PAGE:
A look at how companies try to reach potential customers.

Time Warner’s CEO says its $85 billion sale to AT&T is all about battling Google and Facebook

Data, data, data. Who’s got it? Tech giants like Google and Facebook, who provide a service directly to their users, and then use that data for ad targeting. It’s why they are dominating online advertising today. Who doesn’t? A traditional media giant like Time Warner, which owns brands like HBO and CNN, but which doesn’t have a direct connection with viewers because it sells its channels through a cable provider. That, in essence, is why Time Warner has agreed to sell itself to AT&T — a company that has a direct link with consumers — Time Warner CEO Jeff Bewkes said.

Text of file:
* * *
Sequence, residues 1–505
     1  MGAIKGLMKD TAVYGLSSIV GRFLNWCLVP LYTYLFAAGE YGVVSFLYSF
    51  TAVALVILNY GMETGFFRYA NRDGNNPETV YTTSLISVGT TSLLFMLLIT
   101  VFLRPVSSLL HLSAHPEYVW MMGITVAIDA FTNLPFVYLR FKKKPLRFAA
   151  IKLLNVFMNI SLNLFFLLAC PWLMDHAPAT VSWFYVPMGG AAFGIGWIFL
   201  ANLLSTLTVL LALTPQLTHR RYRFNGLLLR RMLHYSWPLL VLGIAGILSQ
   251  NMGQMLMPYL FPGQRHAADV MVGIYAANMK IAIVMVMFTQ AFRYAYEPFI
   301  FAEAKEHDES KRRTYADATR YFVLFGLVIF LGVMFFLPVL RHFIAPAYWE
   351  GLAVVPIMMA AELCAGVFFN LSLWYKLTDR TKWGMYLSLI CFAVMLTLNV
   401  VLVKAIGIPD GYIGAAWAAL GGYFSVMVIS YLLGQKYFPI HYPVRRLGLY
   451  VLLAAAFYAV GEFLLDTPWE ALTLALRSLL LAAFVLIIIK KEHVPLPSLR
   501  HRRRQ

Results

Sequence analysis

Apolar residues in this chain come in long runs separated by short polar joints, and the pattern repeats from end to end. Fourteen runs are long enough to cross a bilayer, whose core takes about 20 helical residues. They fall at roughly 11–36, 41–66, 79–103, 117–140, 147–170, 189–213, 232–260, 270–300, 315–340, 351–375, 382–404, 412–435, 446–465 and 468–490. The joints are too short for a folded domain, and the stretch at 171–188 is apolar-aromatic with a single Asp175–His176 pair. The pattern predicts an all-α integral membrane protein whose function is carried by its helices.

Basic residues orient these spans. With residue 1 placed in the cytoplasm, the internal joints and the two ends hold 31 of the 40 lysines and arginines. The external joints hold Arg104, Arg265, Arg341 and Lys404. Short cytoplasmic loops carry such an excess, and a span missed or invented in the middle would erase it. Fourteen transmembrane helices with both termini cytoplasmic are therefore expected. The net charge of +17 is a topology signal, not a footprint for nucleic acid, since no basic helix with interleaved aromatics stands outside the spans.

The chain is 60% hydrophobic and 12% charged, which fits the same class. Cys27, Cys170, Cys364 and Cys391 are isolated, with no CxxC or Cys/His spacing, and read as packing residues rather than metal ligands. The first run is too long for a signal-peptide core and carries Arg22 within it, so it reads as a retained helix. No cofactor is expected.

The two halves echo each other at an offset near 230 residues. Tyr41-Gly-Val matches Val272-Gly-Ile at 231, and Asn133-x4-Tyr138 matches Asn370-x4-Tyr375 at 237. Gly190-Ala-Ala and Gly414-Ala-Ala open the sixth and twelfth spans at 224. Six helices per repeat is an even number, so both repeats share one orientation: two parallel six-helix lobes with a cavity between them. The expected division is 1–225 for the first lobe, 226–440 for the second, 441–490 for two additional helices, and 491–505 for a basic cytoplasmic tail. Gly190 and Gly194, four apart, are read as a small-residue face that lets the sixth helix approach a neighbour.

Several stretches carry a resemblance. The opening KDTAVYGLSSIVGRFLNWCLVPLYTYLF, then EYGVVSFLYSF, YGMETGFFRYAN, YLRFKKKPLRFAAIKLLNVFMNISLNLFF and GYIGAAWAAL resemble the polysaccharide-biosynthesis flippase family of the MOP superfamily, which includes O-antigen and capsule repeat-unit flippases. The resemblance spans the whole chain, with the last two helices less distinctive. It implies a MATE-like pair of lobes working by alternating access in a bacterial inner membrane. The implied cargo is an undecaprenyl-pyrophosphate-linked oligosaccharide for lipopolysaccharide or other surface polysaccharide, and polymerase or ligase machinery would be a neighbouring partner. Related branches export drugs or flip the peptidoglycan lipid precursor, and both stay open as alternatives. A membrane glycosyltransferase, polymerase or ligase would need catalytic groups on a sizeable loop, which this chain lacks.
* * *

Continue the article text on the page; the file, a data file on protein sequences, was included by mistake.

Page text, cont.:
How an “Opt-In” Privacy Regime Would Undermine the Internet Ecosystem

[Commentary] The BROWSER Act would establish affirmative consent (“opt in”) requirements for the collection and use of certain data, such as location and web browsing histories. In addition, the bill would restrict companies from conditioning access to their services on whether users choose to share their data. If adopted, these policies would be a disaster for Internet users and companies. First, obtaining consent is expensive. Second, requiring companies to obtain affirmative consent would make digital services less user-friendly without increasing privacy. Third, the bill requires providers to allow users to remove their data whenever they wish. Finally, the bill prohibits service providers from refusing to provide service as a “direct or indirect consequence of the refusal of a user to waive any such privacy rights.” Congress should reject this legislation, or any similar proposal that attempts to impose opt-in requirements on the digital economy.